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    Whom do you think the REAL targets are?

    It's NOT criminals.

    It's YOU.

    These laws are aimed at making sure you stop, or never become a gun owner.
     
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  14. GEM

    GEM Moderator Staff Member

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    Donald says he can get Mitch and Wayne on board for background checks.
     
  15. DeepSouth

    DeepSouth Member

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    Someone posted this here back in 2015, I wish I could remember who so I could give credit, it’s great so here it is





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    First, here is a brief essay explaining how the existing background check system works for non-NFA firearms. This system is a result of the 1968 Gun Control Act, which in turn is rumored to have been inspired by the Nazi Firearms Law.

    As you'll see, the system above is not a background check system and does not actually do anything to verify that the purchaser is legally allowed to purchase firearms. At best, the paper form provides evidence as to whether the purchaser lied during his purchase of a firearm; but does nothing to verify that the purchaser was not a prohibited person.

    The job of determining whether a person is a prohibited person is done by the National Instant Check System. The 1994 Brady Act proposed a requirement for a background check on firearms purchasers to be conducted during a 5 day waiting period. However, during the debate, an amendment was proposed to replace the 5 day waiting period with the National Instant Check System (side note: Portions of the Brady Act relating to background checks were later struck down by the Supreme Court in Printz v. United States.) The NICS system became operational in 1998.

    Currently, NICS checks are only required (at the national level) when sales are made from a Federal Firearms Licensee (a gun dealer), regardless of whether that gun dealer is at a gun show, his own house, or a business. Private sales (or other transfers such as loans of firearms, gifts, etc.) do not require a NICS check unless the firearm is shipped interstate (simplified version, there are exceptions). Additionally, some states have stricter requirements that extend even to private sales.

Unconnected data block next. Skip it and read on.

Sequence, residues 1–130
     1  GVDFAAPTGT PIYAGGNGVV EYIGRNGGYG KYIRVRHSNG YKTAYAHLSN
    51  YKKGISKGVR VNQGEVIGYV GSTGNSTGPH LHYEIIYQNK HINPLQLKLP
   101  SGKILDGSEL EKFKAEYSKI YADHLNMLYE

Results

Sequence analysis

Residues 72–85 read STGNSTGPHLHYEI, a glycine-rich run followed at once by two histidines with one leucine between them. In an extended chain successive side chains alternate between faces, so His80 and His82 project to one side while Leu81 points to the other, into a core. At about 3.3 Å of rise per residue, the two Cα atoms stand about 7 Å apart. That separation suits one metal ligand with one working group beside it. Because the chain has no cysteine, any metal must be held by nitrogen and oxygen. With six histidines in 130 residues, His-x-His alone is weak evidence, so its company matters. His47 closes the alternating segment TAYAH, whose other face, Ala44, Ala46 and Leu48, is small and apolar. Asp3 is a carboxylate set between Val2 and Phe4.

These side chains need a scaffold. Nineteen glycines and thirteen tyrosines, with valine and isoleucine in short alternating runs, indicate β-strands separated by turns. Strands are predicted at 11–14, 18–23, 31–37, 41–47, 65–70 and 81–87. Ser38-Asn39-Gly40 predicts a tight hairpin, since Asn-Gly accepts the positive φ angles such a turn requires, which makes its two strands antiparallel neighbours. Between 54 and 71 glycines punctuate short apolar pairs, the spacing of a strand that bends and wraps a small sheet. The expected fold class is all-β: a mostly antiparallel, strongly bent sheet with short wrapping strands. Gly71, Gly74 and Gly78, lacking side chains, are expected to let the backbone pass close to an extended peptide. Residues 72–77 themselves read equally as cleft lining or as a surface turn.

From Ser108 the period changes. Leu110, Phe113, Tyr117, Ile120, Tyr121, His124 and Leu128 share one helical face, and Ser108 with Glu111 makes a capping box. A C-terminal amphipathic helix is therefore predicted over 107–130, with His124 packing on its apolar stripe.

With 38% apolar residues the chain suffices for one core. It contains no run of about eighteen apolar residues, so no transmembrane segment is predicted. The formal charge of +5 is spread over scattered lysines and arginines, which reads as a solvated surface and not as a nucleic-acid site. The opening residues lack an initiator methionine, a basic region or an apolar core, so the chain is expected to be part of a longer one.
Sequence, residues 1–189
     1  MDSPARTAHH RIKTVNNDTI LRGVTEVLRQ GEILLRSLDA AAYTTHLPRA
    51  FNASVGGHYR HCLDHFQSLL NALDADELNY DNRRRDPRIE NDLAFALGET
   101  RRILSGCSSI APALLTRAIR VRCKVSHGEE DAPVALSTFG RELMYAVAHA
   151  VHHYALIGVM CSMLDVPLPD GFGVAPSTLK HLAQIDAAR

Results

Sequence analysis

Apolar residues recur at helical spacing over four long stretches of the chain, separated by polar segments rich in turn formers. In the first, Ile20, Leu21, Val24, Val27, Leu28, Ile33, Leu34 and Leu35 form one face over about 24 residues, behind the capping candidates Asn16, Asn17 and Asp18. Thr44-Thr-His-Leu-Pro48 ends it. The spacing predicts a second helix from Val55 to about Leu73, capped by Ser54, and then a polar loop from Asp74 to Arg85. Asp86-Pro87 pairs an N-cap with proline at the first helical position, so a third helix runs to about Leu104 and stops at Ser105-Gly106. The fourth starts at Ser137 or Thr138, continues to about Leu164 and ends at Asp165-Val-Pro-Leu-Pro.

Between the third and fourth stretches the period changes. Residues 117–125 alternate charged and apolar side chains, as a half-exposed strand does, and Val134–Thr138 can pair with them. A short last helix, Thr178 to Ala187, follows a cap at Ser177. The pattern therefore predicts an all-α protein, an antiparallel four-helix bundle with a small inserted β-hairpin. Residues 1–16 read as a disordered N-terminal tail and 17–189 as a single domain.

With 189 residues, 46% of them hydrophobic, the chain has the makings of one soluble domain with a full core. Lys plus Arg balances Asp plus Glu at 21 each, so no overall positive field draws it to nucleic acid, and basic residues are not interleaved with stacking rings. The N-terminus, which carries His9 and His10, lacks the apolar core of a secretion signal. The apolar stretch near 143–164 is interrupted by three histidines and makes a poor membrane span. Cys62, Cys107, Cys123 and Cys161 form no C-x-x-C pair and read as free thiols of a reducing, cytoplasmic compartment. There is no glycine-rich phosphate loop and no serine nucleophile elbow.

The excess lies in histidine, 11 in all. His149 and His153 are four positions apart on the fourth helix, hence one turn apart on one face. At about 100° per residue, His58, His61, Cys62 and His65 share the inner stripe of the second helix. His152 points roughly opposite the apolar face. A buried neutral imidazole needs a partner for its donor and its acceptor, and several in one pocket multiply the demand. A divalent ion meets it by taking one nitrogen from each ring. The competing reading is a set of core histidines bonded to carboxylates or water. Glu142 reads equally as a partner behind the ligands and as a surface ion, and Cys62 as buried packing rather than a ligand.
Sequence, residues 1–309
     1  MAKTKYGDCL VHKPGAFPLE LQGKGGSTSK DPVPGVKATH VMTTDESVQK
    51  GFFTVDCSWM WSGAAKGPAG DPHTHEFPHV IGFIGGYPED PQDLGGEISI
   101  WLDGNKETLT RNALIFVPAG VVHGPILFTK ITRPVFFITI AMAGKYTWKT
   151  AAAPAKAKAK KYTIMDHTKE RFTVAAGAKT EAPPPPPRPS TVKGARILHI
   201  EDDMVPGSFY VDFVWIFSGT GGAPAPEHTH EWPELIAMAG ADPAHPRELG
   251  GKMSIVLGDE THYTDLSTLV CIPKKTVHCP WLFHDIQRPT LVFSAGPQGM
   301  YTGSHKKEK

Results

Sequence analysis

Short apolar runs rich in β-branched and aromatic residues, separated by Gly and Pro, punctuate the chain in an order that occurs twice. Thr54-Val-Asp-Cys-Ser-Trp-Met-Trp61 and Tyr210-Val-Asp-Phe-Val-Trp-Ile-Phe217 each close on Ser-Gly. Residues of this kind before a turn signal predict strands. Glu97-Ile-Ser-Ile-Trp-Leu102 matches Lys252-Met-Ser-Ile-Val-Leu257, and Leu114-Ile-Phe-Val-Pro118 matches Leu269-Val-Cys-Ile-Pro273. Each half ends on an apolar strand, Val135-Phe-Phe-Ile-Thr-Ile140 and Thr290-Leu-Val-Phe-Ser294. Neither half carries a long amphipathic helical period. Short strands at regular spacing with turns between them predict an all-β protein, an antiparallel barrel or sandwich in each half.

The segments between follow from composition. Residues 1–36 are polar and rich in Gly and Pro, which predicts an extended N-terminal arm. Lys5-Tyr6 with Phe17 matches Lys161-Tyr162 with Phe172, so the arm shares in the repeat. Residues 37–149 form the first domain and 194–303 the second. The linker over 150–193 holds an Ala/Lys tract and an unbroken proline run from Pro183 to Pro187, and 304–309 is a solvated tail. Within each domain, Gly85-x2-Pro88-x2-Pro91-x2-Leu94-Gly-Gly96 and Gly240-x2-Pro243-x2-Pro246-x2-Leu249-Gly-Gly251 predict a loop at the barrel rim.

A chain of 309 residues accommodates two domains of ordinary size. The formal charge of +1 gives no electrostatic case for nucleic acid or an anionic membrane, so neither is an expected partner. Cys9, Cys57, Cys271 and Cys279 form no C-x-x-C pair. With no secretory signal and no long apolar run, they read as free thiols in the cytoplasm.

Initially, NICS was limited to only FFLs. The concern was that unscrupulous people might use the system to conduct their own background checks on neighbors and acquaintances if the system were accessible by anyone. As a result, access to NICS is still relatively controlled. However, because NICS is conducted primarily through FFLs for privacy reasons, every NICS check also generates a Form 4473 under the recordkeeping requirements under the 1968 Gun Control Act.

    EXISTING PROBLEMS WITH NICS
    ==========================

    In 2010, NICS denied about 153,000 purchases (73,000 Federal and about 80,000 through State agencies) making a grand total of 2.1 million denials since NICS became operational). The most common reason for denial was a felony conviction (47%). Fugitive from Justice was the second most common reason (19%). Of the 153,000 denials - around 12,000 were appealed and later reversed.

    Of those 153,000 purchases, only 4,732 were referred by FBI to ATF for further investigation (even though a prohibited person lying on a Form 4473 - which would be a part of the NICS process - is a Federal crime punishable by up to ten years in prison). Of the cases referred to ATF for investigation, fully 26.5% of them (509 cases) turned out to be a person who was not prohibited from purchasing firearms. Of the remaining cases, ATF confiscated the firearm in 1,164 cases (same source) and prosecuted only 62 cases in 2010.